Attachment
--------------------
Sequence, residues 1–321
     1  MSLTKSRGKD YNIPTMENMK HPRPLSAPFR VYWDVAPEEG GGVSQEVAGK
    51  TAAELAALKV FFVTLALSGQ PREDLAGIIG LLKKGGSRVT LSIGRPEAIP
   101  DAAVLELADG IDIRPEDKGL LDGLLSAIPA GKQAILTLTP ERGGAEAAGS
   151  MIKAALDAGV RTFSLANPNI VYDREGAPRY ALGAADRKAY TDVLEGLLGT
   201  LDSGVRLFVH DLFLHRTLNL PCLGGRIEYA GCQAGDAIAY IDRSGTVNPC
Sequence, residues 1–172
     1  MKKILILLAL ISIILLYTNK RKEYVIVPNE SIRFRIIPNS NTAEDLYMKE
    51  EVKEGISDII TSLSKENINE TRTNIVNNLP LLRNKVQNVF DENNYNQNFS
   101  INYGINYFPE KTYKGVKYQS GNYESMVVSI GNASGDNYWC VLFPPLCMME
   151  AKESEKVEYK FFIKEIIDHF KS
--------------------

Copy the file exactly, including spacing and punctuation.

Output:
Sequence, residues 1–321
     1  MSLTKSRGKD YNIPTMENMK HPRPLSAPFR VYWDVAPEEG GGVSQEVAGK
    51  TAAELAALKV FFVTLALSGQ PREDLAGIIG LLKKGGSRVT LSIGRPEAIP
   101  DAAVLELADG IDIRPEDKGL LDGLLSAIPA GKQAILTLTP ERGGAEAAGS
   151  MIKAALDAGV RTFSLANPNI VYDREGAPRY ALGAADRKAY TDVLEGLLGT
   201  LDSGVRLFVH DLFLHRTLNL PCLGGRIEYA GCQAGDAIAY IDRSGTVNPC
Sequence, residues 1–172
     1  MKKILILLAL ISIILLYTNK RKEYVIVPNE SIRFRIIPNS NTAEDLYMKE
    51  EVKEGISDII TSLSKENINE TRTNIVNNLP LLRNKVQNVF DENNYNQNFS
   101  INYGINYFPE KTYKGVKYQS GNYESMVVSI GNASGDNYWC VLFPPLCMME
   151  AKESEKVEYK FFIKEIIDHF KS